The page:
println["prime, sqrt difference:"]
println[k - s]
i = pq - k + 1
do
{
  n = i + (-i % k)
  d = gcd[n,pq]
  if d > 1
  {
    println["good"]
    break
  }
  i = i - k
} while i >= s

Exercises 0.3 #4

I) Let E be a correspondence from U to X. If (s0, x0) ∈ (ED)C then there is a t0 ∈ T such that (t0, x0) ∈ ED and (s0, t0) ∈ C. And there is a u0 ∈ U such that (u0, x0) ∈ E and (t0, u0) ∈ D. So (s0, u0) ∈ DC and (s0, x0) ∈ E(DC). Thus (ED)C ⊂ E(DC). If (s1, x1) ∈ E(DC) then there is a u1 ∈ U such that (u1, x1) ∈ E and (s1, u1) ∈ DC. And there is a t1 ∈ T such that (t1, u1) ∈ D and (s1, t1) ∈ C. So (t1, x1) ∈ ED and (s1, x1) ∈ (ED)C. Thus E(DC) ⊂ (ED)C. Therefore (ED)C = E(DC).

II) To do

Exercises 0.3 #2

~ ⊂ ℕ(2) × ℕ(2). If (a1, a2) ∈ ℕ(2) then a1 + a2 = a2 + a1. So ((a1, a2), (a1, a2)) ∈ ~. If ((a1, a2), (b1, b2)) ∈ ℕ(2) × ℕ(2) then a1 + b2 = a2 + b1. By commutativity b1 + a2 = b2 + a1, so ((b1, b2), (a1, a2)) ∈ ℕ(2) × ℕ(2). If ((a1, a2), (b1, b2)), ((b1, b2), (c1, c2)) ∈ ℕ(2) × ℕ(2) then a1 + b2 = a2 + b1 and b1 + c2 = b2 + c1. Subtracting gives a1 – c1 = a2 – c2, so a1 + c2 = a2 + c1. Thus ((a1, a2), (c1, c2)) ∈ ℕ(2) × ℕ(2). Hence ~ is an equivalence relation.

Exercises 0.3 #1

i) If m, n ∈ ℕ then m × n ∈ ℕ and m + n ∈ ℕ. So [X = {2k | k ∈ ℕ} ∪ {2k + 1 | k ∈ ℕ}] ⊂ ℕ. Let n ∈ ℕ. Since ℕ is not bounded above, there is a largest k ∈ ℕ such that 2k ≤ n. So 2k ≤ n < 2(k + 1) = 2k + 2. Because there is no natural number between a natural number and its successor, n = 2k or n = 2k + 1. So ℕ ⊂ X. Thus X = ℕ. Let m ∈ {2k | k ∈ ℕ} ∩ {2k + 1 | k ∈ ℕ}. Then m = 2k1 = 2k2 + 1 for k1, k2 ∈ ℕ. If k1 = k2 then 2k2 + 1 > 2k1. If k1 < k2 then 2k2 + 1 > 2k1. If k1 > k2 then k1 ≥ k2 + 1 > k2 ⇒ 2k1 > 2k2 + 1. Contradiction. Thus {2k | k ∈ ℕ} and {2k + 1 | k ∈ ℕ} are disjoint.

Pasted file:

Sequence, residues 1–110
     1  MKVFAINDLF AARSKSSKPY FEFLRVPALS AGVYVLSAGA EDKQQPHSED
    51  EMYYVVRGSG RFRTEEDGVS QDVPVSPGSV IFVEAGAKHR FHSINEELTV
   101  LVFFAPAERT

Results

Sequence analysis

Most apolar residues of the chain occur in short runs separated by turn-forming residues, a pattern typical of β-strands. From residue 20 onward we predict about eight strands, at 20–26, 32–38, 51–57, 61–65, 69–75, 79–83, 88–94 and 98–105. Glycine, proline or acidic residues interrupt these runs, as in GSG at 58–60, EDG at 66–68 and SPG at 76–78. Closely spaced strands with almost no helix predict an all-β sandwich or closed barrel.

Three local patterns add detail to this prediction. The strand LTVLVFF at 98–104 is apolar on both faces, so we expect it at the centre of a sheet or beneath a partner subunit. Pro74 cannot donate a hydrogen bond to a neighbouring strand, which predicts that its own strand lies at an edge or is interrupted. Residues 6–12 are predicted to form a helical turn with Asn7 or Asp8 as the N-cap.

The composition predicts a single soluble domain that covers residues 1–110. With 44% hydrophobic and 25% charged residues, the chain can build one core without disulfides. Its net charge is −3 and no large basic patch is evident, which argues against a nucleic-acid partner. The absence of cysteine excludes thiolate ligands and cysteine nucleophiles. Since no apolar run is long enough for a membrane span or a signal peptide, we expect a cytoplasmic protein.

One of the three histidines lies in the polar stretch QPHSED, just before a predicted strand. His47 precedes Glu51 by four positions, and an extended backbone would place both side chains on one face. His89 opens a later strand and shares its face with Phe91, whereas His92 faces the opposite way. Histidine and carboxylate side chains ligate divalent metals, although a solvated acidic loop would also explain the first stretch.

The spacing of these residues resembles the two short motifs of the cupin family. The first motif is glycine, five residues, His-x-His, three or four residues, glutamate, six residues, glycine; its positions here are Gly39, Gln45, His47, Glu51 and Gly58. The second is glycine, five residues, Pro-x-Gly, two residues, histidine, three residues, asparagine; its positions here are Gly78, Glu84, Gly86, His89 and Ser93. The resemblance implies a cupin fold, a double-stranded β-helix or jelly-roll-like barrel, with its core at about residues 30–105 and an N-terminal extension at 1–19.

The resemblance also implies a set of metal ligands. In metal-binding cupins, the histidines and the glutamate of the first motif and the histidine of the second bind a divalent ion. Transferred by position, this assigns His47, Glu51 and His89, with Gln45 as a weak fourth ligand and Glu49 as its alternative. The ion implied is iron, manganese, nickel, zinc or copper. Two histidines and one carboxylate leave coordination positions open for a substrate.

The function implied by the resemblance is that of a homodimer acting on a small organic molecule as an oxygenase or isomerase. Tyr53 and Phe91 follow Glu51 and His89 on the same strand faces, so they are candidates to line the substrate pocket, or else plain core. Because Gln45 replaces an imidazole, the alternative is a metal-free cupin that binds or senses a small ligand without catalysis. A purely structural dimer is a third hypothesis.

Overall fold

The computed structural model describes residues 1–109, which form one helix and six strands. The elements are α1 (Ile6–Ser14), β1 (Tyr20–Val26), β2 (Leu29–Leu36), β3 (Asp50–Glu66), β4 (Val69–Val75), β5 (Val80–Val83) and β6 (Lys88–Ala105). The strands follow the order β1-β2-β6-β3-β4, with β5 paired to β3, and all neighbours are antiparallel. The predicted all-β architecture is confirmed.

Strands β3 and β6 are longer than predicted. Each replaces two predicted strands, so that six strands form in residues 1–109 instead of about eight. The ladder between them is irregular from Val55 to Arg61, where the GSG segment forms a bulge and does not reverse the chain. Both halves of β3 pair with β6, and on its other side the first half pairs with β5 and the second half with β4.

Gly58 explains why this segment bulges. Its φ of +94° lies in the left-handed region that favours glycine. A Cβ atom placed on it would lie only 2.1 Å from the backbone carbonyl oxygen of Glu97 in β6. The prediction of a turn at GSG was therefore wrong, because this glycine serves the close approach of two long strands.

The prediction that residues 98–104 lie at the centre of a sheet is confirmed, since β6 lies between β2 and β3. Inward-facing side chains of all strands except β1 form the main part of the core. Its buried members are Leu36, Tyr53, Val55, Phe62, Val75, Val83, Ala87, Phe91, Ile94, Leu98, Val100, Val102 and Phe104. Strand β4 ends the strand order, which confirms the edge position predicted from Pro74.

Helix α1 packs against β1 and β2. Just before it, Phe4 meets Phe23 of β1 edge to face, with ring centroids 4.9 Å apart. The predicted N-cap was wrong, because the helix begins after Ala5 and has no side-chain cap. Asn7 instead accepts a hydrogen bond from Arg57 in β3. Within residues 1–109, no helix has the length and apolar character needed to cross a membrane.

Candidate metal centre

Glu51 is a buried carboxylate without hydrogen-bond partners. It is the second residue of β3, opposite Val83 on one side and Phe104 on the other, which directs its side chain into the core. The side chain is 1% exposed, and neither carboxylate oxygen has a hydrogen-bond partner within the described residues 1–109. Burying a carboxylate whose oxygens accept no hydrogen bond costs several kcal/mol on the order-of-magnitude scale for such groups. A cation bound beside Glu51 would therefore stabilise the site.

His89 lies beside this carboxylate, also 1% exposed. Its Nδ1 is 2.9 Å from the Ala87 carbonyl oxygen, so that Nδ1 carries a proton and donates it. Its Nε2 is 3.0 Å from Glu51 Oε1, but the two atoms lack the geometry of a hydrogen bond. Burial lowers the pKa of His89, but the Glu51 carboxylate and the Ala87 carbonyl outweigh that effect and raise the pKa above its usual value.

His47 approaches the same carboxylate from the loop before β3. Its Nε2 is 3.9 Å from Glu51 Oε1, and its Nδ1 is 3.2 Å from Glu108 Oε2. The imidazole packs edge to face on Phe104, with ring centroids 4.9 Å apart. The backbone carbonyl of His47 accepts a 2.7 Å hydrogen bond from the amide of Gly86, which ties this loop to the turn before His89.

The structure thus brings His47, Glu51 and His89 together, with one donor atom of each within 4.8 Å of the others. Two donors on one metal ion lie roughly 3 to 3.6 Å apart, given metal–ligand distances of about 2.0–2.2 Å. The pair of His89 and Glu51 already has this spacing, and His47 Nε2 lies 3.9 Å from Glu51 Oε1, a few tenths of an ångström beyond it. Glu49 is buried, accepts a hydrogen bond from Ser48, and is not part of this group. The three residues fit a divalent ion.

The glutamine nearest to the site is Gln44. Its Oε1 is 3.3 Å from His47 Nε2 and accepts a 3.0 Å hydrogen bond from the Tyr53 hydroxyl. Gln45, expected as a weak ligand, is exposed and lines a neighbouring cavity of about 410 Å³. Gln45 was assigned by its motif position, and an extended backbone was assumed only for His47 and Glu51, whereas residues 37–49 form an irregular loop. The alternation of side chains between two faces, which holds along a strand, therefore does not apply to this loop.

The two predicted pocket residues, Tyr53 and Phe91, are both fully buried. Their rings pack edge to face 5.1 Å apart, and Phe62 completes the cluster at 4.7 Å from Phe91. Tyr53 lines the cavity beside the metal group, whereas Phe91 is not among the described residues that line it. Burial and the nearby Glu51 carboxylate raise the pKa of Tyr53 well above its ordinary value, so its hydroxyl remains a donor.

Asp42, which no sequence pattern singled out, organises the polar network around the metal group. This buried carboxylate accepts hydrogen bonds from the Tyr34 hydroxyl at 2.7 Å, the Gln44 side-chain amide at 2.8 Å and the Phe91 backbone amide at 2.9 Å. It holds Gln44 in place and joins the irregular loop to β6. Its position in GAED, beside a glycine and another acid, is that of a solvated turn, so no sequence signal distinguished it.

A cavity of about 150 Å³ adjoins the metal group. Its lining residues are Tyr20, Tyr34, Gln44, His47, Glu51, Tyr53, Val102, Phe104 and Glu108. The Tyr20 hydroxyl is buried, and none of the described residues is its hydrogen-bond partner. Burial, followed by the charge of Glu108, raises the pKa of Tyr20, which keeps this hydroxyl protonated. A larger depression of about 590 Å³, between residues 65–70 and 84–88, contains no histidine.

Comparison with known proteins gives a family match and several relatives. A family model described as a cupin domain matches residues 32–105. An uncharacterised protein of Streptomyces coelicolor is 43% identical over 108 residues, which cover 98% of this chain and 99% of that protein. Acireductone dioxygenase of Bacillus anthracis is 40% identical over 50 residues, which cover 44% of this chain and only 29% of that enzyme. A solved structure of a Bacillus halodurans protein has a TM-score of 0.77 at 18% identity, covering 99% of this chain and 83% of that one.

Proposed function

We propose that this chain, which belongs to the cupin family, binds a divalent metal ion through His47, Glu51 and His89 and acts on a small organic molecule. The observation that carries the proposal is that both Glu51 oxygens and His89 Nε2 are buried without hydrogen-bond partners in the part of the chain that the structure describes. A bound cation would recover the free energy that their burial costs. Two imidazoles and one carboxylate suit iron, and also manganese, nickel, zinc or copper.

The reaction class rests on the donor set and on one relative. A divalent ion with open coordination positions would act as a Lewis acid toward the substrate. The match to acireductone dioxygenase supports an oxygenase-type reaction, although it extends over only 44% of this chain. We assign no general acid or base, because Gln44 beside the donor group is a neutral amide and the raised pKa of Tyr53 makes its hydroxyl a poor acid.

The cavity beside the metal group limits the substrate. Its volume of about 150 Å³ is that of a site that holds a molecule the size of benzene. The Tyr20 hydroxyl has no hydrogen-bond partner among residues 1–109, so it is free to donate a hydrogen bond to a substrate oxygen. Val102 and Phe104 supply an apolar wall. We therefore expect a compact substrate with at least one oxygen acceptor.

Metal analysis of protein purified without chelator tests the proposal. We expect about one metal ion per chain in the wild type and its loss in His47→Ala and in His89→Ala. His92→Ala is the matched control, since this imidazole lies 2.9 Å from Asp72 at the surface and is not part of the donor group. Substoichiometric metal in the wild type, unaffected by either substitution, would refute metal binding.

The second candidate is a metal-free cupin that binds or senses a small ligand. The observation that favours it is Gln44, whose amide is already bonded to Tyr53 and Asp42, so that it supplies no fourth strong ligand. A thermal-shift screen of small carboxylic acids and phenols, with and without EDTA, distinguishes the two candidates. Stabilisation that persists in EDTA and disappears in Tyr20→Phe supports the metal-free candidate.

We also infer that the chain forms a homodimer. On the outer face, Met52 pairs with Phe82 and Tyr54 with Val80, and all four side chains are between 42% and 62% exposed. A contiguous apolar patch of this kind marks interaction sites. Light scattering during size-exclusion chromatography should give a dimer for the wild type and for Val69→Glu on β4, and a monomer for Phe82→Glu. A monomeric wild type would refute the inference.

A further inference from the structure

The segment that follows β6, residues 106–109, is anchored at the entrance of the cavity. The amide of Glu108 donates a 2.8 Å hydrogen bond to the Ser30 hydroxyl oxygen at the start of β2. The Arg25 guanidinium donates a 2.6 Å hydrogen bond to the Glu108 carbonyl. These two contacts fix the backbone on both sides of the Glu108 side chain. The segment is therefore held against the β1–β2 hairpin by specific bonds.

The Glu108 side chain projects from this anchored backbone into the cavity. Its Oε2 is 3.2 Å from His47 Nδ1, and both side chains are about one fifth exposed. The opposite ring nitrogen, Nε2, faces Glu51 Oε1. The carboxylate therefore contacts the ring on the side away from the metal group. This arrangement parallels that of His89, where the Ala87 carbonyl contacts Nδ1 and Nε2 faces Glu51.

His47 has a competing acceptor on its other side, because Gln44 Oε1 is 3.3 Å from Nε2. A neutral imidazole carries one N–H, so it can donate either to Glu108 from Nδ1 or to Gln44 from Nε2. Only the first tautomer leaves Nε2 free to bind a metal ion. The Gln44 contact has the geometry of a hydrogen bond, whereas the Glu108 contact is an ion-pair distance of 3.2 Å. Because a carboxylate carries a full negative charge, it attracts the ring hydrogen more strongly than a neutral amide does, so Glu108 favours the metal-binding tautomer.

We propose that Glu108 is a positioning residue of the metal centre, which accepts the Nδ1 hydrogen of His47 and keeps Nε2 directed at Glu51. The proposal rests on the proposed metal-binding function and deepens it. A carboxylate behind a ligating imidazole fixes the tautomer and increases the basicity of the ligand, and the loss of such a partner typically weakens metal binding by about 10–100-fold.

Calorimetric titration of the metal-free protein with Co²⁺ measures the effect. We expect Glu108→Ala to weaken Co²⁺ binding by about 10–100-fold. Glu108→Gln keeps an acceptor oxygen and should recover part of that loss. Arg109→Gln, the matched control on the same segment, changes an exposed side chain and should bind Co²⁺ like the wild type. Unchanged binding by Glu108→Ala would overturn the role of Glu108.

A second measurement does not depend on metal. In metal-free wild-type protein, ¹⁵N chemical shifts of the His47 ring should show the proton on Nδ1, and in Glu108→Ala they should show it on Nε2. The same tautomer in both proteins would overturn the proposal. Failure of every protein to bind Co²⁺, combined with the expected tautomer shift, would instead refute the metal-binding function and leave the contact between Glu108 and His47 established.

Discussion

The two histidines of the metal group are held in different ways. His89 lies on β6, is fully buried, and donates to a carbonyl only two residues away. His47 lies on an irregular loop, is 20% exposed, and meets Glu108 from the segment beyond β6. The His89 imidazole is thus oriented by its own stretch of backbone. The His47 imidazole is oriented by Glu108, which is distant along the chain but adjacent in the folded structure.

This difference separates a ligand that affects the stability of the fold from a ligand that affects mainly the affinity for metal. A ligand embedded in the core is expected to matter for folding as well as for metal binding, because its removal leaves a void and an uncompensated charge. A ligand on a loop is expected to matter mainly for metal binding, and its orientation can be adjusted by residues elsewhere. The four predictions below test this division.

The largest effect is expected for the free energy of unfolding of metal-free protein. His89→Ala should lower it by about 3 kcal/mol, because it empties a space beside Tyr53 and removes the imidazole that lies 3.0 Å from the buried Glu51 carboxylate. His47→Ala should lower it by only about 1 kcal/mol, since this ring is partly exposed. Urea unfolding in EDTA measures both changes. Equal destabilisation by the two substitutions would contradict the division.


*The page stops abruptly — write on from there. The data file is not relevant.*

ii) Skipped (similar to (i)).

Exercises 0.2 #5

I) S = {s1, s2, s3}, T = {t1, t2}, A = {s1}, α = {(s1, t1), (s2, t1), (s3, t2)}, α(~A) = {t1, t2}, ~α(A) = {t2}. Thus α(~A) ⊄ ~α(A).

II) Suppose α is injective and α(~A) ⊄ ~α(A). Then there is a t ∈ T such that t ∈ α(~A) and t ∉ ~α(A) ⇒ there is an s1 ∈ ~A such that α(s1) = t and t ∈ α(A) ⇒ there is an s2 ∈ A such that α(s2) = t ⇒ α(s1) = α(s2) and s1 ≠ s2. Contradiction. Thus α is injective ⇒ α(~A) ⊂ ~α(A).

III) α is surjective can’t imply α(~A) ⊄ ~α(A), otherwise a bijective map would contradict part (II). α is surjective can’t imply α(~A) ⊂ ~α(A) by the example in part (I).

Exercises 0.2 #4

I) t ∈ α(A ∪ B) ⇒ there is an s ∈ A ∪ B such that α(s) = t ⇒ there is an s ∈ A or s ∈ B such that α(s) = t ⇒ t ∈ α(A) or t ∈ α(B). Thus α(A ∪ B) ⊂ α(A) ∪ α(B). t ∈ α(A) ∪ α(B) ⇒ there is an s ∈ A or s ∈ B such that α(s) = t ⇒ there is an s ∈ A ∪ B such that α(s) = t ⇒ t ∈ α(A ∪ B). Thus α(A) ∪ α(B) ⊂ α(A ∪ B).

II) t ∈ α(A ∩ B) ⇒ there is an s ∈ A ∩ B such that α(s) = t ⇒ there is an s ∈ A and s ∈ B such that α(s) = t ⇒ t ∈ α(A) and t ∈ α(B). Thus α(A ∩ B) ⊂ α(A) ∩ α(B).

III) α = { (s1, t1), (s2, t0), (s3, t0) }. A ⊂ S = { s1, s2 }. B ⊂ S = { s1, s3 }. α(A ∩ B) = { t1 }. α(A) ∩ α(B) = { t1, t0 }.